It was a battle hard fought but hunting wild animals with dogs for sport was eventually banned in England and Wales in 2004. This is a fantastic achievement. However, what a lot of people perhaps don't realise is that despite this ban, hunting continues more than ever before. We may have won the battle, but the war is far from over.
It's not just the wildlife and the vast African skies that will put romance in the air - some of today's safari lodges are incredibly stylish and intimate, with luxury tents, roll top baths and game drives that finish with dinner beneath the stars. Here are 10 of the most romantic lodges in the world.
Pretty much every beach had some birds washed up. At Ashridge, one of the oldest beeches fell along with hundreds of other trees. Some of our ancient and veteran trees succumbed in quite spectacular ways, with their sheer size meaning their falls resulted in a domino effect, the aftermath of which we are still dealing with in some places.
If this pint-sized porpoise does become extinct, it means that we will have discovered and exterminated the smallest of the cetaceans in less than a human lifetime. Its imperilled status has long been of concern and its main threat well established as incidental capture in fishing nets, sometimes called 'bycatch'.
Our remaining closest cousins are having enough difficulty coping with the damaging impacts people are having on their habitats. They can't afford any more losses through the greedy actions of a few people who only see their value in terms of what a foreign zoo or private individual will pay for them.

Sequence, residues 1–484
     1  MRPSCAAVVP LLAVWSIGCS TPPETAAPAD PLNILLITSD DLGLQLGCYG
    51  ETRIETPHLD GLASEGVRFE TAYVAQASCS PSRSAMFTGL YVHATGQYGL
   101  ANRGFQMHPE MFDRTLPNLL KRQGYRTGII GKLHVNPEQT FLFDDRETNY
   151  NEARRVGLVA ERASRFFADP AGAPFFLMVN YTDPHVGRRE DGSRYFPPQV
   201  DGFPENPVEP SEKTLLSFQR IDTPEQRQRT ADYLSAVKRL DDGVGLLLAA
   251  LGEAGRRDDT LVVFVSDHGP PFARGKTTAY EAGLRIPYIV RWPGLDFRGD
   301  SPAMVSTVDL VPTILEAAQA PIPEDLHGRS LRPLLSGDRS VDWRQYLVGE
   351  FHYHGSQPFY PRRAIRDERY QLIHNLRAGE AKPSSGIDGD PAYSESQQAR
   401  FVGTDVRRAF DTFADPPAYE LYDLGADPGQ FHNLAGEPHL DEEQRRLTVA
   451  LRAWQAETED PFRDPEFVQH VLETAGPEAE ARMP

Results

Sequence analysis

Around the world, wildlife crime is responsible for the slaughter of tens of thousands of animals a year. It is plainly wrong that the greed of those who fuel demand and facilitate the illegal wildlife trade stands to push some of the world's most iconic species to the brink of extinction - animals that have come to represent the whole idea of wildlife to young and old alike... It is scarcely believable to imagine a world without elephants, rhinos, lions or tigers. Yet time is running out to save these creatures from being consigned to the history books and to stories of days gone by.
A handshake, a kiss on the cheek, a bow... We humans have many different ways of greeting each other, depending on context and culture. Animals, too, have a huge variety of greetings, some eerily similar to ours and some specific to their species. Here are the different ways in which animals say "hello" to each other.
It was Monday 10 November when we heard the news, Tim the famous Amboseli Tusker had a serious injury and ground teams had been unable to locate him. It is the type of news you dread, and immediately brings to mind two other mighty Tuskers of Kenya, Mountain Bull and Satao, both killed this year by poachers.
There are plenty of wildlife experiences that might draw you to South East Asia, with its brilliant diversity of tropical species and being home to some of the world's most iconic species. Unfortunately there are many practices for tourists that can have a negative effect on the wellbeing of these animals, such as increasing the demand for species that are often endangered in the wild to be poached for shows and street spectacles.
For the moment, Japan seems intent on launching its plan for a new 'scientific' whaling programme in the Southern Ocean. Whilst it has some allies, the issue drives a wedge between Japan and many other nations. Japan may be able to deflect charges against whaling, including that it is cruel, by casting such criticism as a form of anti-Japanese cultural imperialism. Our only hope is that, given the ICJ ruling is above any rhetoric or politics, perhaps those in power in Japan will be better able to see that commercial whaling is ecologically unsound, uneconomic and, in terms of international relations, disastrous.